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perl #114602] utf8 problems (still)...

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From:
Linda W
Date:
August 31, 2012 00:29
Subject:
perl #114602] utf8 problems (still)...
Message ID:
504067C9.8070400@tlinx.org


Leon Timmermans wrote:
>>> When three or four clever people on this list tell you ....  
>> yeah, I'm well aware this side of the problem:
>>
>>   http://en.wikipedia.org/wiki/Illusory_superiority
>>
>> http://www.newyorker.com/online/blogs/frontal-cortex/2012/06/daniel-kahneman-bias-studies.html
>>
>> Ability to learn and correct is inversely proportional to self perceived
>> cleverness and knowledge.
>
> Insulting people who are putting an effort into helping you is
> exceedingly aggregating. This habit of yours is downright abusive and
> simply not appropriate on this list, or any other place for that
> matter.
>   
----

 It wasn't intended as an insult.  It's was presenting data backed by 
evidence. It really wasn't intended personally -- it describes a group 
of people who have certain characteristics -- most certainly those who 
have a high self-perception of their ability, talent and/or knowledge.  
It describes a tendency of *EVEN* those that ARE bright, to be blind to 
their blind spots -- but it's much worse as the discrepancy increases 
with what the person actually knows and what they think they know.   

I'm sorry if you took it personally - it wasn't intended as such.

For myself,  I am aware I know only a little about multiple things, 
however,  in my experience, the number of things and the amount usually 
is enough to put most people to sleep if I go into it too much.  But I 
would definitely NOT think nor claim to know more about someone who is 
truly a master of their field (usually I find that they are ones that 
don't claim such -- but you find out in talking to them.   Those that 
repeatedly tell you -- are more often trying to convince you for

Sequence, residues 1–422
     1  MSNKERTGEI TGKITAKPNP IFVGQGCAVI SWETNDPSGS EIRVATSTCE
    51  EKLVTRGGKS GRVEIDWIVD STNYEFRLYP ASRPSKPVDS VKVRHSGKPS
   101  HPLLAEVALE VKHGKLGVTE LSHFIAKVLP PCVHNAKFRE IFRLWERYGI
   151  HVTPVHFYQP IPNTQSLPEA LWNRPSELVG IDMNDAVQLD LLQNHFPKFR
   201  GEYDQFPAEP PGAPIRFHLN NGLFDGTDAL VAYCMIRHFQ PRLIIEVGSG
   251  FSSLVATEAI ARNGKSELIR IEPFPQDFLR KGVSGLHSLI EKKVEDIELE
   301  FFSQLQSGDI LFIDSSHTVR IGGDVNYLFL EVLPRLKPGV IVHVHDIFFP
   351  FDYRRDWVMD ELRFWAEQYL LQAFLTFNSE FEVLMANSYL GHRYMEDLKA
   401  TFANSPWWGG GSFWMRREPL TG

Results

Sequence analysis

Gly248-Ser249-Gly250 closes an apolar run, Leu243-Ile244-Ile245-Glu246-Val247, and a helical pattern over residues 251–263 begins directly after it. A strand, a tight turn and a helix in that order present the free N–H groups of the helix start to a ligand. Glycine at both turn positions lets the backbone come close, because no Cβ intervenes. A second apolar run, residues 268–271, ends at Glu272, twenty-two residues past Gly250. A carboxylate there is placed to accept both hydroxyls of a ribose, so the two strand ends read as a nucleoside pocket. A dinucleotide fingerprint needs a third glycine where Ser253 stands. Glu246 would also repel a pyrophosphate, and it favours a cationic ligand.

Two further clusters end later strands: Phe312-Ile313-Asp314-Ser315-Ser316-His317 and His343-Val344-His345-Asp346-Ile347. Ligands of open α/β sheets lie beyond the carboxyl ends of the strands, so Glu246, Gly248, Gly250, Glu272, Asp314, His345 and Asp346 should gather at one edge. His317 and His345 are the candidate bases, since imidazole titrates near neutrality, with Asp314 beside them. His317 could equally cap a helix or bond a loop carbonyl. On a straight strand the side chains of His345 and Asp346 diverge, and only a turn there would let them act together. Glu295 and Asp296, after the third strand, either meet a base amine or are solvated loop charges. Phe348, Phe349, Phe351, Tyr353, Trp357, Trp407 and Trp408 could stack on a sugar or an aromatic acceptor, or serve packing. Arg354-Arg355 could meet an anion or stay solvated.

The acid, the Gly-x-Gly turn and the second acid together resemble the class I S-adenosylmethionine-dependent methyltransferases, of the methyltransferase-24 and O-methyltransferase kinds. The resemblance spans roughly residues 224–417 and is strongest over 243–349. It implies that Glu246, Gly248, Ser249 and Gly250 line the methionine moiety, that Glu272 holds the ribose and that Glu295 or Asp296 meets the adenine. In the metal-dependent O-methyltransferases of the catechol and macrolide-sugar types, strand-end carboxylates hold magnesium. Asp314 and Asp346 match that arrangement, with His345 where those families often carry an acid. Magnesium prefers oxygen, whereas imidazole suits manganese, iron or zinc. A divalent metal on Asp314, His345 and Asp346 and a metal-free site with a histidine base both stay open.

purposes of some point or argument).

Now anyone can take that as an insult if they want, or not.  It's not 
personally directed at anyone.  But if it offends you, I would suggest 
that perhaps it is touching on an uncomfortable truth.

> Stop playing the victim of a conspiracy, start taking responsibility
> for your own actions.
>   
-----

  So far Nicholas Clark has been the only person who'd say has been on 
the level and truthful.

That doesn't mean I necessarily agree with his stance, but he is someone 
with whom I **could** discuss the problem that I was trying to 
show/demonstrate/discuss for the past week or more (months if you count 
earlier discussions).  

That he would 'get' what I was talking about in 1 response, -- that's  
someone who is is able to communicate (bidirectionally) me feeling like 
someone is playing word games.

    You (Leon) at least got what the essential function of 'P' with out 
me feeling like I was talking to people who had no clue of programming 
or perl or had it bother them so much they couldn't understand the point 
I was trying to make.   I felt the details and exact implementation of P 
would simply be another side track for discussion about it's internals 
when they had nothing to do with the point I was making.  

And folks, given the directions this has gone off on -- when Nick summed 
up the issue in 1 note -- you know, I'm right.   Anything and everything was
picked at about how I said this or not  having crossed a 't' or dotted 
an 'i'.   

Eric went off on E9 vs. 0xe9... and my point wasn't about my thinking I 
was writing "E9" vs. "\xe9", but that I was using 'chr(0xe9)... which I 
would expect to produce different output than if I did a
printf("%c", 0xe9)  (cf. printf("%c", chr(0xe9)) ).

   I could have posted post the module, but I felt it would detract 
focus from the essential issue of perl -- instead of doing something 
useful with output -- throws up an warning (and maybe even an error 
someday). 

Instead of throwing a warning, on a wide char and then corrupting 
output, it could do what it does for every OTHER wide char not in the 
0x80-0xff range -- and put it it's unicode representation.

Whereas -- I knowingly,  **for this example*** didn't set UTF-8  -- this